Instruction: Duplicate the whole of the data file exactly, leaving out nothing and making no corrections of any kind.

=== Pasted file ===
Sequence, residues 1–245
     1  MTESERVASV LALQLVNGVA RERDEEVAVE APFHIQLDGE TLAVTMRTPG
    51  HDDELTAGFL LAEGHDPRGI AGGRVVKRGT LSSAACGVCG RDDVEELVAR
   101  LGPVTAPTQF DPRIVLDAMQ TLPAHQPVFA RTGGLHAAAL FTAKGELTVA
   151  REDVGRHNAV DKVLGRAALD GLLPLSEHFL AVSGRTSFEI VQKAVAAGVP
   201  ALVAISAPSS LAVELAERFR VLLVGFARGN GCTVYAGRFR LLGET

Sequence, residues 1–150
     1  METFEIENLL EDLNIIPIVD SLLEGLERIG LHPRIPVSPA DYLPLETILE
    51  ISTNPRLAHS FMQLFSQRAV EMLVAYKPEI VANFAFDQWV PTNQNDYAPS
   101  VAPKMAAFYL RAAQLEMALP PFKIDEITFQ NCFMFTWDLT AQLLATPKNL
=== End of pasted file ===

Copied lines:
Sequence, residues 1–245
     1  MTESERVASV LALQLVNGVA RERDEEVAVE APFHIQLDGE TLAVTMRTPG
    51  HDDELTAGFL LAEGHDPRGI AGGRVVKRGT LSSAACGVCG RDDVEELVAR
   101  LGPVTAPTQF DPRIVLDAMQ TLPAHQPVFA RTGGLHAAAL FTAKGELTVA
   151  REDVGRHNAV DKVLGRAALD GLLPLSEHFL AVSGRTSFEI VQKAVAAGVP
   201  ALVAISAPSS LAVELAERFR VLLVGFARGN GCTVYAGRFR LLGET

Sequence, residues 1–150
     1  METFEIENLL EDLNIIPIVD SLLEGLERIG LHPRIPVSPA DYLPLETILE
    51  ISTNPRLAHS FMQLFSQRAV EMLVAYKPEI VANFAFDQWV PTNQNDYAPS
   101  VAPKMAAFYL RAAQLEMALP PFKIDEITFQ NCFMFTWDLT AQLLATPKNL